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Issue for May 2015

Speak as an Expert in Your Editorials

Posted on Saturday, May 30, 2015 at 8:38 PM

Every editorial column written should reflect 'industry insider' status.

By Howard Rauch

No "competitive analysis" discussion is complete without special attention to expectations for an editor-in-chief's personal column.

In fact, each column should reflect "insider status" as opposed to "observer" or "parroting" status. There is a difference.

Three Different Approaches

Specifically, the insider attempts to propose solutions to an industry problem his/her column reviews.

The best an observer can do is to describe a known problem and then hope readers can figure best courses of action.

In addition to columns that reflect "insider" or "observer" capability, a third variation exists: "parroting." Typically, the author makes no attempt to introduce original thinking. Instead, the commentary merely pulls excerpts from articles appearing in the issue. To a certain extent, what you have is a second contents page rather than an opinion piece.

A Competitive Advantage

Now consider this: Competitive editorial analysis reviews should always start with the editorial column. You can punch some very big holes in the opponent's armor if columns don't exude the desirable "insider" aura.

Then there is this thought: Insider status is not achieved overnight. From the first day a junior editor is on the job, there should be a program in place designed to raise that individual's authoritative grasp of industry affairs as quickly as possible.

For those of you who contend that columns also should reflect expertise in one's craft, here is a reference list worth considering:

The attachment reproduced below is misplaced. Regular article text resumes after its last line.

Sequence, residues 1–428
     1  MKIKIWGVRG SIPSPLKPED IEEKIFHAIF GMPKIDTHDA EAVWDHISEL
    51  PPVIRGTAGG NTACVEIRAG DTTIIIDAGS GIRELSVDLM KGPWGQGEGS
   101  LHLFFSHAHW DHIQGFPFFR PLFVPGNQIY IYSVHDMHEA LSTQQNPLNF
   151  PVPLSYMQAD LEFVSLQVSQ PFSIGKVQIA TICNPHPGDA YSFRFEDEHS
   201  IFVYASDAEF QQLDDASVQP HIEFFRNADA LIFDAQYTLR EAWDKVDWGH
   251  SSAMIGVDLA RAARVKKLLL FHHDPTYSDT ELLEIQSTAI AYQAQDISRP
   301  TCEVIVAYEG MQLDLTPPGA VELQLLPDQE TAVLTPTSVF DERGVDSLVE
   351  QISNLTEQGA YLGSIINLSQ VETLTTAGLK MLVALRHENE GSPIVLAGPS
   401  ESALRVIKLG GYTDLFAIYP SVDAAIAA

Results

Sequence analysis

Five Pointers

--The headline should immediately reflect the column's take-away value. Don't expect to do this with a format that calls for headline lengths of just three or four words.

--If a deck is required, it should expand upon rather than duplicate the headline's message.

--The main article's introductory paragraph should reach a key story point within the first ten words. Obviously that's impossible if you prefer launching each column with a multi-paragraph anecdote devoid of required immediacy.

--The best efforts are those totally based on the author's personal views. This is as opposed to a column totally devoted to quoting other parties inside or outside your industry.

--Fog Index reading levels should not exceed 10th-12th grade.

The Editor as a Leader

There is one more notable point pertaining to this discussion:

The "industry insider" is prepared to take a leadership position, either in tackling an industry problem, deploring unacceptable industry practices, or attacking unfavorable pending legislation.

Many editors write well-researched columns that deliver the insider's view every time. But too many authors still resort to parroting more often than not.

How do you fit into this picture?

Howard Rauch is president of Editorial Solutions Inc. (http://www.editsol.com). Preparing competitive analysis reports is an area of specialization for him. He is also chair of ASBPE's ethics committee.

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Thanks for the advice on writing editorials. I have to admit this is a challenge for me -- after spending so long as a reporter who works to present balanced coverage of various sides of an issue, it is often hard for me to come down on one side of an issue. There are many shades of gray, and the right solution for one portion of our audience won't be right for a different part of it. --Deborah Lockridge, editor-in-chief, Heavy Duty Truckers